Six Skills That New IT Grads Need But Don’t Have

Confused GuyThe good news is more employers are looking for people who’ve got skills in new technologies. The bad news is many fresh graduates don’t have key skills that IT employers want and need. Computerworld’s Mary K. Pratt talked to recruiters and employers to compile this a list of talents—technological, educational and interpersonal—that they haven’t developed, in great part because the schools simply don’t teach them. The big six:

1. Knowledge of Business Basics

Today, IT is often considered a business function. Yet most CIS/IT/MIS students don’t learn business basics, which can hurt when other departments ask them to participate in projects, or the CIO wants budgets projections for the next four quarters. Though some grad programs are beginning to address this, recruiters say there’s still a knowledge gap.

2. Experience with Systems Integration

Employers find that new grads may be great at building a system from scratch but haven’t learned how to integrate a new system into an existing legacy infrastructure. This is hard to teach and hard to learn quickly on the job. It’s a real sticking point for inexperienced developers.

3. Emerging Technologies Expertise

Which of tomorrow’s potentially winning technologies should colleges teach? It can be a tough call. Luckily, some employers put new hires through developer boot camps  to get them familiar with the technologies they’re most immersed in.

4. The Tech Basics

People born in 1988 have no reason to be familiar with a blinking command prompt, but if they want to work in IT they should. New hires need to know things like batch scripting or how to fix a PC when it’s not responding to input from the mouse, the really basic stuff. Some employers just force people to learn by trial and error. (That’s where Google can come in handy.)

5. Familiarity with Legacy Systems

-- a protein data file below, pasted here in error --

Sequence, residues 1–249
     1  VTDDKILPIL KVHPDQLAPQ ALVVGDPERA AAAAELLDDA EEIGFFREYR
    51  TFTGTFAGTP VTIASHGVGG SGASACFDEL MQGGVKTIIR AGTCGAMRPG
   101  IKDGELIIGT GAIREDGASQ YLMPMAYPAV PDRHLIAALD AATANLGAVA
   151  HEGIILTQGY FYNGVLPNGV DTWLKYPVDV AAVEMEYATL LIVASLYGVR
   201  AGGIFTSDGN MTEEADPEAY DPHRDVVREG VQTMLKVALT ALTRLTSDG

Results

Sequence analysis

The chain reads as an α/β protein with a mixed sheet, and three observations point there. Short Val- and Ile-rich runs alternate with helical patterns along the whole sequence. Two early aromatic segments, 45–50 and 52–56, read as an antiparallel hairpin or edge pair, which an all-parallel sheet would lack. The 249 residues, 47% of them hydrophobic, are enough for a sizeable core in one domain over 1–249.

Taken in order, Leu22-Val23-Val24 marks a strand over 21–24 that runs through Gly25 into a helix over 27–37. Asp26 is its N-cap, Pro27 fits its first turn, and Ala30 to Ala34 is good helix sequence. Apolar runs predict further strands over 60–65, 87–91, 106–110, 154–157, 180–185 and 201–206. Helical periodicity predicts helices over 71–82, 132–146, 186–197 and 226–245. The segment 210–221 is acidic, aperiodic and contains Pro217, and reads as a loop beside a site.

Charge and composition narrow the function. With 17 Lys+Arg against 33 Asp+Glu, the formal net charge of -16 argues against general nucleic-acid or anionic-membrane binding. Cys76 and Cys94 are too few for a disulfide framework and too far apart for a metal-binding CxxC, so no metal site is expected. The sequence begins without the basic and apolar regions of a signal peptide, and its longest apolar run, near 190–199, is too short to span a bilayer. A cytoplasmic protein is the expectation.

Though employers want workers who know Cobol, Customer Information Control System (CICS) and other mainframe skills, colleges don’t teach them anymore. (If they did, who would want to take the classes?) It’s a big problem because as baby boomers retire, they’re taking their mainframe experience with them.

6. The Ability to Work on a Team

The cliché of the solitary programmer is true. Many IT pros prefer to work alone, especially when they’re coding. But the real world is full of team projects and meetings, and the ability to function in that kind of environment has to be learned. Some schools–but not all–force students to work on team projects to address this particular skills gap.

13 Responses to “Six Skills That New IT Grads Need But Don’t Have”

  1. So-called old-tech-geeks possess all but one of the necessary: “emerging technologies”; and I am sure many of them possess even that attribute. Their years of experience prove their ability to learn (quickly) and utilize new tools. What probability employers are seeking out qualified talent with considerable experience? After all, 5 out of 6 “ain’t” bad.

    • Employers now want somebody that has distinct experience doing certain tasks, so that somehow this guarantees that they are good. Have companies bothered to ask why these people are no longer doing these tasks? I learn things all the time but cannot get hired because it has to be on the job training. School doesn’t count, or what you learn on your own. What type of imbecilic mentality is that! Why even hire college grads, just hire high schoolers. Maybe they could hire the millions on the streets so that the gang and homeless problems would go away. In the meantime they might start to cultivate the workers that they have now. Of course, this doesn’t apply to every company, but many of them seem to have a bad attitude about labor!